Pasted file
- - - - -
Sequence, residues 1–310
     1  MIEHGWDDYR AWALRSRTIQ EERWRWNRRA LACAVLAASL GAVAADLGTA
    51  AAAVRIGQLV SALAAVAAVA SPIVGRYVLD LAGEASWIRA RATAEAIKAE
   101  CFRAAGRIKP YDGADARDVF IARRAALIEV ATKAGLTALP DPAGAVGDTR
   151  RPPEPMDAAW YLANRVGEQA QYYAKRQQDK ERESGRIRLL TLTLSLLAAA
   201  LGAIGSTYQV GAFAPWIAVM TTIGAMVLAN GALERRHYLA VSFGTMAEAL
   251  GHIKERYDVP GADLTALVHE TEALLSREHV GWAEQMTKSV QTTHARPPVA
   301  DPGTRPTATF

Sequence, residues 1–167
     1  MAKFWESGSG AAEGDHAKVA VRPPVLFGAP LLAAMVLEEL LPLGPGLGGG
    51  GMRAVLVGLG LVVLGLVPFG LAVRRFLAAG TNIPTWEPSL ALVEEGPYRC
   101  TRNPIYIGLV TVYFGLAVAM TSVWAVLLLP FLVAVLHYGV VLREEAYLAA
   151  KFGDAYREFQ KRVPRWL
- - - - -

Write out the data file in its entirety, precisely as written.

Sequence, residues 1–310
     1  MIEHGWDDYR AWALRSRTIQ EERWRWNRRA LACAVLAASL GAVAADLGTA
    51  AAAVRIGQLV SALAAVAAVA SPIVGRYVLD LAGEASWIRA RATAEAIKAE
   101  CFRAAGRIKP YDGADARDVF IARRAALIEV ATKAGLTALP DPAGAVGDTR
   151  RPPEPMDAAW YLANRVGEQA QYYAKRQQDK ERESGRIRLL TLTLSLLAAA
   201  LGAIGSTYQV GAFAPWIAVM TTIGAMVLAN GALERRHYLA VSFGTMAEAL
   251  GHIKERYDVP GADLTALVHE TEALLSREHV GWAEQMTKSV QTTHARPPVA
   301  DPGTRPTATF

Sequence, residues 1–167
     1  MAKFWESGSG AAEGDHAKVA VRPPVLFGAP LLAAMVLEEL LPLGPGLGGG
    51  GMRAVLVGLG LVVLGLVPFG LAVRRFLAAG TNIPTWEPSL ALVEEGPYRC
   101  TRNPIYIGLV TVYFGLAVAM TSVWAVLLLP FLVAVLHYGV VLREEAYLAA
   151  KFGDAYREFQ KRVPRWL